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Ag Robot Spurs Data Compilation, Examines Crops As They Develop

A new low-priced, lightweight agricultural robot can convert field scouting and data collection for seed companies, farmers, and agronomists. Designed by a team of researchers at the University of Illinois, the TerraSentia crop phenotyping robot has been displayed on March 14 at the 2018 Energy Innovation Summit Technology Showcase held in National Harbor, Maryland.
Roving independently between crop lines, the robot evaluated the characteristics of individual plants making use of an array of sensors, comprising cameras, transferring the information in real time to the laptop computer or phone of the operator. A tablet computer and custom app that arrive with the robot allow the operator to guide the robot using GPS and virtual reality.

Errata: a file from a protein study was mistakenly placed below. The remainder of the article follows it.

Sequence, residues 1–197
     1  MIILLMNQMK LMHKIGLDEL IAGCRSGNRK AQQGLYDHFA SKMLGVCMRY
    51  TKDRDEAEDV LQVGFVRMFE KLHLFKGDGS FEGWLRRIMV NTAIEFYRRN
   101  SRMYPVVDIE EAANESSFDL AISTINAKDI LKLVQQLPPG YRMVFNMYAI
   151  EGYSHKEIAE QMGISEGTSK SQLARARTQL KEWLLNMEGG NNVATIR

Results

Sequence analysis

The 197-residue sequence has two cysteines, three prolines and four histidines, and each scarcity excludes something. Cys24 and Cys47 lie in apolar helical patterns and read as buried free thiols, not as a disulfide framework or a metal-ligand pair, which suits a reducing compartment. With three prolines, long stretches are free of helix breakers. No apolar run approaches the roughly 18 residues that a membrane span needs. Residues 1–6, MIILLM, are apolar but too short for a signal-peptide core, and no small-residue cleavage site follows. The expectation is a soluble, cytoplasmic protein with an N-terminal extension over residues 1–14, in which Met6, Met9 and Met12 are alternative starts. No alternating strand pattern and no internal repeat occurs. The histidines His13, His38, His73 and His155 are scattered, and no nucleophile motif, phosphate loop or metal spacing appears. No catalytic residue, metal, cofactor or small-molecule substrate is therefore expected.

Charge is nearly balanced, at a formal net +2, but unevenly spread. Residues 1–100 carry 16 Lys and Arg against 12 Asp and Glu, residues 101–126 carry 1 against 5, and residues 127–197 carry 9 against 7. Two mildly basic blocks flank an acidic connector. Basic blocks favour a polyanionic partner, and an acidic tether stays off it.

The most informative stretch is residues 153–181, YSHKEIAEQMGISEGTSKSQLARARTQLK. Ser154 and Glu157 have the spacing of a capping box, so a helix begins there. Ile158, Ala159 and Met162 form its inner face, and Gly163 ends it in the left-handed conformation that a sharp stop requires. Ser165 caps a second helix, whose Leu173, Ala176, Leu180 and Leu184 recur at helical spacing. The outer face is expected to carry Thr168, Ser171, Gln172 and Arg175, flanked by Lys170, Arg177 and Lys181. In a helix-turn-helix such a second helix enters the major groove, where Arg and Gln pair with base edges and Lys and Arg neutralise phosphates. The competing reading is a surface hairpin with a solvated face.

TerraSentia is teachable and customizable, as per the scientists, who at present are designing machine-learning algorithms to “train” the robot to sense and make out common diseases and to compute a rising array of traits, such as corn ear and plant height, biomass, and leaf area index.
The 13-inch-wide robot, at 24 pounds, is so weightless that it can move over juvenile plants without harming them. TerraSentia is also portable and compact. An agronomist can simply fling it in a car trunk or on a truck seat to carry it to the field.
Automating data compilation and analytics has the prospective to advance the breeding pipeline by unbolting the ambiguities of why plant species react in extremely diverse manners to environmental circumstances, said Carl Bernacchi, plant biology professor at the University of Illinois and one of the researchers working on the development.
Information gathered by the crop-scouting robot can assist the plant breeders to recognize the genetic lineages expected to generate the best quality and utmost produces in particular regions, said Bernacchi. The robot is being made accessible to the commercial crop breeders and crop scientists for the breeding season of 2018 through a startup company, EarthSense Inc.